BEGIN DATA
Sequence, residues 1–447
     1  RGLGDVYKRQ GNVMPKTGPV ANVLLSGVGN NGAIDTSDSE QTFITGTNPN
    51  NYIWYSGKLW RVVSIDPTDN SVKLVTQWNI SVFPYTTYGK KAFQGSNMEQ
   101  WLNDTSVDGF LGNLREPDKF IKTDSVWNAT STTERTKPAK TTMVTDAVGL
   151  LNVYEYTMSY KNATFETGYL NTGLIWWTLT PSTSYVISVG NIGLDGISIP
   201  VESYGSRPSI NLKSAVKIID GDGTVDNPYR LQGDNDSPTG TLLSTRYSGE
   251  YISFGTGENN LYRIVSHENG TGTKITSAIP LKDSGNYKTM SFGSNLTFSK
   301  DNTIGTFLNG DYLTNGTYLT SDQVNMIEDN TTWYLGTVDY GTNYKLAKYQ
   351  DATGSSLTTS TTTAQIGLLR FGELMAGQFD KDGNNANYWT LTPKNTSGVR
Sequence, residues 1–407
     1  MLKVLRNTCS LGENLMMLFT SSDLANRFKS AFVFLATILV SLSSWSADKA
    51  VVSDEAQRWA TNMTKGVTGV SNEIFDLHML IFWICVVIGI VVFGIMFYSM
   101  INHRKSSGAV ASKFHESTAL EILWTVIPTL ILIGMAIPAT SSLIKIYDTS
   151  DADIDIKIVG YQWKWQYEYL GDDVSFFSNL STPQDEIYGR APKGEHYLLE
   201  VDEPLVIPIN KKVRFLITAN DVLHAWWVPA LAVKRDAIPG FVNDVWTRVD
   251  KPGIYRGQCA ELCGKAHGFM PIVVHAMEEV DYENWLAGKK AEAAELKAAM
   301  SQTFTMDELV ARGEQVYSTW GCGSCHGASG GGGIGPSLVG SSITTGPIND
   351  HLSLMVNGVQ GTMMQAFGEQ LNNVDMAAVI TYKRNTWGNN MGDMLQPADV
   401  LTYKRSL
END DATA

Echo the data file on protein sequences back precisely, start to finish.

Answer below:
Sequence, residues 1–447
     1  RGLGDVYKRQ GNVMPKTGPV ANVLLSGVGN NGAIDTSDSE QTFITGTNPN
    51  NYIWYSGKLW RVVSIDPTDN SVKLVTQWNI SVFPYTTYGK KAFQGSNMEQ
   101  WLNDTSVDGF LGNLREPDKF IKTDSVWNAT STTERTKPAK TTMVTDAVGL
   151  LNVYEYTMSY KNATFETGYL NTGLIWWTLT PSTSYVISVG NIGLDGISIP
   201  VESYGSRPSI NLKSAVKIID GDGTVDNPYR LQGDNDSPTG TLLSTRYSGE
   251  YISFGTGENN LYRIVSHENG TGTKITSAIP LKDSGNYKTM SFGSNLTFSK
   301  DNTIGTFLNG DYLTNGTYLT SDQVNMIEDN TTWYLGTVDY GTNYKLAKYQ
   351  DATGSSLTTS TTTAQIGLLR FGELMAGQFD KDGNNANYWT LTPKNTSGVR
Sequence, residues 1–407
     1  MLKVLRNTCS LGENLMMLFT SSDLANRFKS AFVFLATILV SLSSWSADKA
    51  VVSDEAQRWA TNMTKGVTGV SNEIFDLHML IFWICVVIGI VVFGIMFYSM
   101  INHRKSSGAV ASKFHESTAL EILWTVIPTL ILIGMAIPAT SSLIKIYDTS
   151  DADIDIKIVG YQWKWQYEYL GDDVSFFSNL STPQDEIYGR APKGEHYLLE
   201  VDEPLVIPIN KKVRFLITAN DVLHAWWVPA LAVKRDAIPG FVNDVWTRVD
   251  KPGIYRGQCA ELCGKAHGFM PIVVHAMEEV DYENWLAGKK AEAAELKAAM
   301  SQTFTMDELV ARGEQVYSTW GCGSCHGASG GGGIGPSLVG SSITTGPIND
   351  HLSLMVNGVQ GTMMQAFGEQ LNNVDMAAVI TYKRNTWGNN MGDMLQPADV
   401  LTYKRSL